Monday, November 17, 2008

How the Economic Hard Times Will Affect Colleges

From the issue dated November 14, 2008


So what next? In rapid succession and over what seems like an impossibly short period of time, our nation's economy has absorbed a series of staggering body blows. In ordinary times, any one of them would have been the biggest business story of the year.

Trillions of dollars of the market value of publicly traded stock have evaporated in the past 12 months, a big proportion of it in September and October. Credit has dried up. Banks are unable or unwilling to engage in short-term lending and are hoarding cash. Credit standards have tightened, and in certain parts of the country it is almost impossible to secure intermediate or long-term loans.

The national unemployment rate was 4.8 percent a year ago. In September it was 6.1 percent. Economists expect jobs to drop by an average of 74,000 a month for the next year and project that the unemployment rate will reach close to 7 percent by June 2009. In some states — hard hit by mortgage foreclosures and corporate retrenchment — the unemployment rate could rise close to or even above 10 percent by the end of the academic year.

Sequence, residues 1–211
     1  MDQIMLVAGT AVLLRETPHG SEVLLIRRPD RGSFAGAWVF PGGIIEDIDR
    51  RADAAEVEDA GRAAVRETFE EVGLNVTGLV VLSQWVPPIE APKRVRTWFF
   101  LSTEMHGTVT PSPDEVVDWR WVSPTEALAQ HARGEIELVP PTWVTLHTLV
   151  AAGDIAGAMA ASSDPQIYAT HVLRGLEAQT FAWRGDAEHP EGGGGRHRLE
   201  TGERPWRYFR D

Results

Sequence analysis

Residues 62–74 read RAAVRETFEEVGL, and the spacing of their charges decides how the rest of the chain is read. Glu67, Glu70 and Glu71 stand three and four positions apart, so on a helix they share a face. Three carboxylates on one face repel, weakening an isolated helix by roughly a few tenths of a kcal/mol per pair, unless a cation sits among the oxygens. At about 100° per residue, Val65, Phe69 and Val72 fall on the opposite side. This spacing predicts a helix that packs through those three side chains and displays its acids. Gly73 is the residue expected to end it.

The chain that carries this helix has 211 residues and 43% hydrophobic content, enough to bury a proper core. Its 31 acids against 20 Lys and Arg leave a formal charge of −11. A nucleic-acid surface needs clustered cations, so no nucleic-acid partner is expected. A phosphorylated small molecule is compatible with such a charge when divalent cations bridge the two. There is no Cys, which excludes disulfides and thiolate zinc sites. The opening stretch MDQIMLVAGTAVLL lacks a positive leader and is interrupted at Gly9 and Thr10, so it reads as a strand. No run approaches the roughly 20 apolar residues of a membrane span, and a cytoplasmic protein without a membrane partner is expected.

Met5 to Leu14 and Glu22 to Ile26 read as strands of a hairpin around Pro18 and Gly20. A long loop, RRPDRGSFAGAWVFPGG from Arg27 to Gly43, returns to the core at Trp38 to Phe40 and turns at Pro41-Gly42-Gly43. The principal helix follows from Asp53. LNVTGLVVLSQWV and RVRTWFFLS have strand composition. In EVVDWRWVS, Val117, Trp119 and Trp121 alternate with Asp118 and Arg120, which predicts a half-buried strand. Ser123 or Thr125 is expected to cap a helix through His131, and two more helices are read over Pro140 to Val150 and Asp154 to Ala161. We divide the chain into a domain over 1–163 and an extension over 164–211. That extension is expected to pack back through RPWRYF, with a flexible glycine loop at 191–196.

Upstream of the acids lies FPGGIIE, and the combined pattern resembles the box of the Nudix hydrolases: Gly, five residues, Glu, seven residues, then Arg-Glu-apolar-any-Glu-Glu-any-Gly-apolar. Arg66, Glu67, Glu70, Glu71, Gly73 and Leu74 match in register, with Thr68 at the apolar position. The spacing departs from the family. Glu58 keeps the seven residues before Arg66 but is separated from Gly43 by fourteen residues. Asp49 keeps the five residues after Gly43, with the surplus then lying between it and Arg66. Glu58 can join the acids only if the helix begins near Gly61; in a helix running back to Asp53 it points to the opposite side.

That's where we are today. What impact will continued financial turbulence have on higher education in the weeks and months ahead? Colleges will probably have to deal with:

Affordability issues. All of the investment and savings vehicles that parents and independent students traditionally use to pay college expenses — appreciated home values, prudently invested savings, private and government loans, lines of credit — have evaporated, making it considerably more difficult for millions of Americans to finance the cost of higher education. At colleges already struggling to fill seats, the enrollment pinch may become acute as spring-semester tuition bills are mailed to enrolled students in the next few weeks.